Black children were depicted in the Milton Bradley game for the first time in 1974. There have been many pop culture versions of the game, with graphics featuring such children's television characters as Dora the Explorer and Sesame Street. It has been marketed as "The Classic Up and Down Game for Preschoolers". In 1999, Hasbro released Chutes and Ladders for PCs.
In Canada the game has been traditionally sold as "Snakes and Ladders" and produced by the Canada Games Company. Several Canada-specific versions have been produced over the years, including a version with toboggan runs instead of snakes.
An early British version of the game depicts the path of a young boy and girl making their way through a cartoon railroad and train system.
During the early 1990s in South Africa, Chutes and Ladders games made from cardboard were distributed on the back of egg boxes as part of a promotion.
Even though the concept of major virtues against vices and related Eastern spiritualism is not much emphasized in modern incarnations of the game, the central mechanism of snakes and ladders makes it an effective tool for teaching young children about various subjects. In two separate Indonesian schools, the implementation of the game as media in English lessons of fifth graders not only improved the students' vocabulary but also stimulated their interest and excitement about the learning process. Researchers from Carnegie Mellon University found that pre-schoolers from low income backgrounds who played an hour of numerical board games like snakes and ladders matched the performance of their middle-class counterparts by showing improvements in counting and recognizing number shapes. An eco-inspired version of the game was also used to teach students and teachers about climate change and environmental sustainability.
Mathematics of the game
Any version of snakes and ladders can be represented exactly as an absorbing Markov chain, since from any square the odds of moving to any other square are fixed and independent of any previous game history. The Milton Bradley version of Chutes and Ladders has 100 squares, with 19 chutes and ladders. A player will need an average of 39.2 spins to move from the starting point, which is off the board, to square 100. A two-player game is expected to end in 47.76 moves with a 50.9% chance of winning for the first player. These calculations are based on a variant where throwing a six does not lead to an additional roll; and where the player must roll the exact number to reach square 100 and if they overshoot it their counter does not move.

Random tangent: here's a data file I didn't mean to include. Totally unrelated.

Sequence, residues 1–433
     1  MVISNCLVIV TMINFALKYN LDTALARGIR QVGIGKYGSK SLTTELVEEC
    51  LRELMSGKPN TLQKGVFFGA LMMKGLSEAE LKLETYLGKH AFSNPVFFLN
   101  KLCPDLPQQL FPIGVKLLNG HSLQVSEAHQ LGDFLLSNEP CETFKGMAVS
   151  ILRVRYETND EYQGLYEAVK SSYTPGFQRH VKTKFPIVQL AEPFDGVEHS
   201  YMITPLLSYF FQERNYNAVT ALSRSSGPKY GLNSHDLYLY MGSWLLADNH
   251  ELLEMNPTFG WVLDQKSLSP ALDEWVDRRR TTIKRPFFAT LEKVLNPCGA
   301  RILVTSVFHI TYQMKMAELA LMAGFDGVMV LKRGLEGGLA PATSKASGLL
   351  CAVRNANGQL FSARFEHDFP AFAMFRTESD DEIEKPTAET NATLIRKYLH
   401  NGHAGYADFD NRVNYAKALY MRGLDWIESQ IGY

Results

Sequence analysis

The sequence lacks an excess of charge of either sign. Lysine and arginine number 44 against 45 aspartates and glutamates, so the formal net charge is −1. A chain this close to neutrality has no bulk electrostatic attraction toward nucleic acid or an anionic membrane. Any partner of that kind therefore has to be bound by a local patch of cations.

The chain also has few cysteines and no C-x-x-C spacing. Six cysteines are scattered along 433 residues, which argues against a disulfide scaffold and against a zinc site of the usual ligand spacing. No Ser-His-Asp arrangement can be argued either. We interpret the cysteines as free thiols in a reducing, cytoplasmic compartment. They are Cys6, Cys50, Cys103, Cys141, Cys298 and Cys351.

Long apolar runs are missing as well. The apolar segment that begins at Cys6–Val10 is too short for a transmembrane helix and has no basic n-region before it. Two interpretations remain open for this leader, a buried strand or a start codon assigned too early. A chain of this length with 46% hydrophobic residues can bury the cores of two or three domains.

In popular culture
- The phrase "back to square one" originates in the game of snakes and ladders, or at least was influenced by it – the earliest attestation of the phrase refers to the game: "Withal he has the problem of maintaining the interest of the reader who is always being sent back to square one in a sort of intellectual game of snakes and ladders."
- The game is a central metaphor of Salman Rushdie's Midnight's Children. The narrator describes the game as follows:
All games have morals; and the game of Snakes and Ladders captures, as no other activity can hope to do, the eternal truth that for every ladder you hope to climb, a snake is waiting just around the corner, and for every snake a ladder will compensate. But it's more than that; no mere carrot-and-stick affair; because implicit in the game is unchanging twoness of things, the duality of up against down, good against evil; the solid rationality of ladders balances the occult sinuosities of the serpent; in the opposition of staircase and cobra we can see, metaphorically, all conceivable oppositions, Alpha against Omega, father against mother.
- One episode of SpongeBob SquarePants, called "Sailor Mouth", features a parody of this game, known as "Eels and Escalators".
- Snakes & Lattes is a board game cafe chain headquartered in Toronto, Canada, named after snakes and ladders.
- In the Abby Hatcher episode Game Time with Mo and Bo, Mo and Bo play a snakes and ladders video game on a computer tablet in a hotel. While playing they walk around, unknowingly causing trouble in the hotel. Through Abby's instructions, they use their bodies to simulate snakes and ladders to help those they affected.
- Snakes and ladders is referred to in the AC/DC song Sin City: "Ladders and snakes, Ladders give, Snakes take, Beggar man, thief, Ain't got a hope in hell, That's my belief."
- "Snakes and Ladders" is the 8th track on the 1988 Joni Mitchell album, "Chalk Mark in a Rain Storm"
Images for kids
Gyan chaupar (Jain version of the game), National Museum, New Delhi
Snakes and ladders Facts for Kids. Kiddle Encyclopedia.